Edmonton-based Bissell Centre uses data and analytics to help eliminate poverty in the community

Bissell Centre, an Edmonton-based social agency that offers services to people experiencing poverty and homelessness, is using analytics to understand its clients.

The centre offers more than 20 programs to try and tackle poverty problems within communities, said Maria Savidov, manager, analysis & evaluation. 

“[We offer] anything from housing programs or employment programs, we’ve got a child care program, family support programs for folks with Fetal Alcohol Spectrum Disorder, just lots and lots of different facets and types of services,” Savidov said.

The centre has been using data to help eliminate poverty in the community in a variety of different ways. It uses analytic findings and communicates it to its leadership. This ensures that the evidence it presents can help pivot and improve programs.

According to Jakob Koziel, senior research analyst, some of the data is used to help “amplify voices of our programs to external stakeholders.”

“So by amplifying voices, what I mean is essentially providing evidence that looks at the impacts of Bissell programming on participants and community members…certain audiences, especially funders and government stakeholders, they really speak in data.”

The data is also used to track and evaluate program participants’ experiences of poverty, Koziel added. 

The primary measurement tool that Bissell Centre uses is the Self Sufficiency Matrix, which the centre has been using since July of 2019. It’s been adapted from LifeWorks and modified to fit the centre’s needs, Koziel said.

“We measure participants in self sufficiency in six different domains: housing, employment, financial wellbeing, support network, mental health, and physical health,” Koziel said. “We check back in with individuals at three, six and nine month intervals to see how those scores changed after participating with the Bissell Centre.”

To help with data and analytics and support their work, SAS and the Bissell Centre teamed up about three years ago. Koziel said SAS has been instrumental in assisting the centre with donations of SAS products that have helped to analyze their data and conduct program evaluations. 

In addition, last year, the centre participated in the SAS Hackathon, where Koziel and his team were able to experiment with higher-end data mining and visual analytics tools. The centre is also participating in this year’s hackathon.

According to Savidov, the participation in the SAS Hackathons has helped embrace new methodologies and technology that SAS has provided to the centre. 

“The official hackathon project is instrumental in our understanding of the impact that our services are having. And it raised very valuable, interesting questions that will set our research agenda for the rest of the year, or maybe for years to come,” she said.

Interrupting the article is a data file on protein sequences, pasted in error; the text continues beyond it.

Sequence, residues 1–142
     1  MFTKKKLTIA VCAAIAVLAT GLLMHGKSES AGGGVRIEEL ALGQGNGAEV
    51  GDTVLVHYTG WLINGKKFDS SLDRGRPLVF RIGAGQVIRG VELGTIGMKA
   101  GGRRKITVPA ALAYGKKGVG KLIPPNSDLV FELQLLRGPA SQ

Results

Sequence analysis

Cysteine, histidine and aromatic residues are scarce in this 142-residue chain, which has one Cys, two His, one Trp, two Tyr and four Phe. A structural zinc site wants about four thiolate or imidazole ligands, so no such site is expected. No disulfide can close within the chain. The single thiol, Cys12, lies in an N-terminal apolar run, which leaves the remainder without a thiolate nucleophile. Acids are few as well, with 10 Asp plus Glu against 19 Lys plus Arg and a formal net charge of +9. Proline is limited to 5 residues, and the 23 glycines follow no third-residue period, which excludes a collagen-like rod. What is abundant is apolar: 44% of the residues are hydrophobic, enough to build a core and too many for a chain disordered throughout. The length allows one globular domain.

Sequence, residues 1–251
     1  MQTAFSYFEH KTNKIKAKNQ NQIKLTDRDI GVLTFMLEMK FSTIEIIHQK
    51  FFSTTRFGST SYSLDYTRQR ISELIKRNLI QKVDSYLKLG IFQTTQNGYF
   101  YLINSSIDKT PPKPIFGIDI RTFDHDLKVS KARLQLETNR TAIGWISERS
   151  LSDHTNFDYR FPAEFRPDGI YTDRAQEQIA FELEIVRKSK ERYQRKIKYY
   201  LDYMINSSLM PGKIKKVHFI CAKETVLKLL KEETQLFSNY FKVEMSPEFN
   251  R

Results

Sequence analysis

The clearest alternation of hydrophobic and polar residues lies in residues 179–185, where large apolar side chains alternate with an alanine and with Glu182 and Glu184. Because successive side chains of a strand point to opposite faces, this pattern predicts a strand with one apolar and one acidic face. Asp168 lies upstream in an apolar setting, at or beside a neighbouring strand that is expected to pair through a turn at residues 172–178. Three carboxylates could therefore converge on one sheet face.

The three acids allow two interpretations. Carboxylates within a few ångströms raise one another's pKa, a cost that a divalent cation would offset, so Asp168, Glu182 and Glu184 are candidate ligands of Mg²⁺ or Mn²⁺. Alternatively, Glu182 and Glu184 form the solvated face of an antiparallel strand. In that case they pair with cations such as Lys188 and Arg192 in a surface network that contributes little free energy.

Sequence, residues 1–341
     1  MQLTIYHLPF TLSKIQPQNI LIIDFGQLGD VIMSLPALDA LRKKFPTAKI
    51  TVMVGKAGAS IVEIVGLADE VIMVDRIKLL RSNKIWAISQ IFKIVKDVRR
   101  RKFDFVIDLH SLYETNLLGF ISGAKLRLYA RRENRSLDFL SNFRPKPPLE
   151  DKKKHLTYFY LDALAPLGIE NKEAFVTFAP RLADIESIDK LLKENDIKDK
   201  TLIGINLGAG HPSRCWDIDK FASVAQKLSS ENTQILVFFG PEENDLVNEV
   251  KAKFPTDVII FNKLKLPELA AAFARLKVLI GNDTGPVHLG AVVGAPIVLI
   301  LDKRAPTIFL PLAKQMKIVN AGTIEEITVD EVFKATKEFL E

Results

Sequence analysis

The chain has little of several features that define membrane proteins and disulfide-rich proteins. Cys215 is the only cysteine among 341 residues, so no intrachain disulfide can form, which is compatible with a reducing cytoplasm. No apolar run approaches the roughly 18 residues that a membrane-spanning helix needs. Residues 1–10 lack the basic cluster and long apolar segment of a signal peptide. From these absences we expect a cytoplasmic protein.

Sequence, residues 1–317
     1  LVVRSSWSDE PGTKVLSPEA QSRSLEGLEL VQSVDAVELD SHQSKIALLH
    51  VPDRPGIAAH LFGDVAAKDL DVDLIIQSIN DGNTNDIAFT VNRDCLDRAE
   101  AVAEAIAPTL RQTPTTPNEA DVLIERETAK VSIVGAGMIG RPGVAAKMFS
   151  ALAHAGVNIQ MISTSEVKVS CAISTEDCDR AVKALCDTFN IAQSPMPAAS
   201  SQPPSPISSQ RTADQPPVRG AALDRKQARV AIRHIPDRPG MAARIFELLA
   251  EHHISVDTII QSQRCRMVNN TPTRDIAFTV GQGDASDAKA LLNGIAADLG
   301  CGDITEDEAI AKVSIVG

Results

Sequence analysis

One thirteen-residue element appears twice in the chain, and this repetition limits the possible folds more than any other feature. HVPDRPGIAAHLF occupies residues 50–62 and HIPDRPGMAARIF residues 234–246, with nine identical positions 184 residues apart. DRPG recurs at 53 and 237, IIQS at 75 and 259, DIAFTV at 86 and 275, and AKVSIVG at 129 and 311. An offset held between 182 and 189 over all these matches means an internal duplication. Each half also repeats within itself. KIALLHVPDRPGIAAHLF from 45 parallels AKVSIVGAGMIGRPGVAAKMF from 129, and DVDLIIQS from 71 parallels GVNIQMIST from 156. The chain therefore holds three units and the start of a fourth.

For this year’s Hackathon, Bissell Centre took a deep dive into their data to analyze factors associated with better housing scores, based on of their findings through the Self Sufficiency Matrix tool. 

As well as collecting data on poverty in communities, Bissell Centre also collects data on opioids.

“We track opioid use and opioid poisonings by having staff complete an Electronic Critical Incident form each time an overdose occurs on Bissell Centre property, or in surrounding communities where a staff member was present at the time of the overdose,” Koziel said.

Staff members at the centre also practice “safety walks,” which involves a walk in the community, while watching for any needles on the ground to ensure safety. Koziel says oftentimes if there is an individual that is experiencing an overdose or opioid poisoning, a staff member can respond to that immediately.

The Electronic Critical Incident form also tracks the date and time and the approximate location of an overdose. It will also track the number of naloxone or narcan sprays administered, and if emergency services were contacted. 

Once the form is completed, the data is stored in a Power BI dashboard which provides descriptive summaries of the overdoses. The dashboard also has regression modelling capabilities to see what individual variables affect overdose incidents.

“This is one of the really shining examples of how we’ve implemented database decisions,” Savidov said. 

She said that in the last couple of years, staff have been able to notice nuances in their data and further look into them if a trend is concerning. 

“It’s really exciting to see more and more staff and management turning to evidence and data to make decisions,” she said. 

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Samira Balsara
Samira Balsara
Samira is a writer for IT World Canada. She is currently pursuing a journalism degree at Toronto Metropolitan University (formerly known as Ryerson) and hopes to become a news anchor or write journalistic profiles. You can email her at [email protected]

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